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Wise disciples or clever devils

"Start children off on the way they should go, and even when they are old they will not turn from it." Proverbs 22.6

When Pink Floyd sang "We don't need no education..." in 1979, a generation of schoolchildren cheered while parents and teachers winced. One assumes the band were referring to the intrusion of information into young minds rather than the process of acquiring knowledge, which is unavoidable. The question really is: to whom are we and our children listening - peers, parents, teachers, journalists, preachers? Among emerging generations social media speak loudest, closely followed by peers. Parents and grandparents cannot afford to be dismissive because, if we did not all create this state of affairs, we allowed it - albeit maybe unwittingly - to come about on our watch.

The trouble is that spontaneous education is selective, brittle and shallow. Selective because social media information is targeted to feed existing preferences, brittle because the assumptions we acquire become associated with our egos and so any challenge to them feels like a personal assault and shallow because rather than going deep into that which we are studying, we tend to flit around alighting on what grabs our attention and then, as quickly, moving on...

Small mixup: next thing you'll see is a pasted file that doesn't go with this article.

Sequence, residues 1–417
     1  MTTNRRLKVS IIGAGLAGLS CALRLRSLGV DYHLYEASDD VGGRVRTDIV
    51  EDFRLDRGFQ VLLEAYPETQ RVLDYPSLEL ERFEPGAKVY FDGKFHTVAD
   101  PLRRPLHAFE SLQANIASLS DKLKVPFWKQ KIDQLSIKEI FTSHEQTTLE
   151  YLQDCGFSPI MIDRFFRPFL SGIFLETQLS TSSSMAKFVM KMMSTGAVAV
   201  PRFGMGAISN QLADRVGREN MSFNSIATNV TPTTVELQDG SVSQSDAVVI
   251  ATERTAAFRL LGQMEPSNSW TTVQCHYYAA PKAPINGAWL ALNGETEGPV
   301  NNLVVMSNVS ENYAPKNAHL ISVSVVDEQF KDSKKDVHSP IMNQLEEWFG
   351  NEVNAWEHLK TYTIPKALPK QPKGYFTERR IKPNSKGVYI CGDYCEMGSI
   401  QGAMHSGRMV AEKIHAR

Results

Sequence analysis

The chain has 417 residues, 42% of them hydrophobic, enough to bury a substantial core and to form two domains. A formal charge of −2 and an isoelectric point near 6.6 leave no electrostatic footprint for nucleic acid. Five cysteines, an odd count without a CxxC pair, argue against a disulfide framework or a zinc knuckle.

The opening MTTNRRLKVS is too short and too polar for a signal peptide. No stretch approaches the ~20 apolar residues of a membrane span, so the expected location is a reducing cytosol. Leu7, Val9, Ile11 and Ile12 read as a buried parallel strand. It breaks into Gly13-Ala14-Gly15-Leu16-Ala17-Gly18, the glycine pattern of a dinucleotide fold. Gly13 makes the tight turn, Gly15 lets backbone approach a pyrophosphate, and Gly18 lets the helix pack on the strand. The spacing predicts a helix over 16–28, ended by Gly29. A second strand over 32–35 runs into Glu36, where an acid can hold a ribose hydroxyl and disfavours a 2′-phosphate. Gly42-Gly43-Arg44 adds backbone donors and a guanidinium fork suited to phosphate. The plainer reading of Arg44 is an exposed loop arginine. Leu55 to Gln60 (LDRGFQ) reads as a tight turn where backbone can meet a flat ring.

So what is the antidote? We might do worse than take inspiration from Anselm's example of intellectual rigour informed by vibrant spirituality and tempered by personal integrity. What does that look like? It means being open to engage with all-comers in an open and constructive way, taking care to listen to what they are really saying without jumping to premature conclusions, while remaining faithful to one's deeper convictions. In Anselm's case that meant negotiating from the anchor of faith in God as both Creator and Redeemer, source and embodiment of all that is good and worthwhile, and the ever-present guide and judge to whom we are accountable. Paradoxically such strong convictions allow for significant freedom of inquiry, for what is there to fear from a sincere pursuit of truth?



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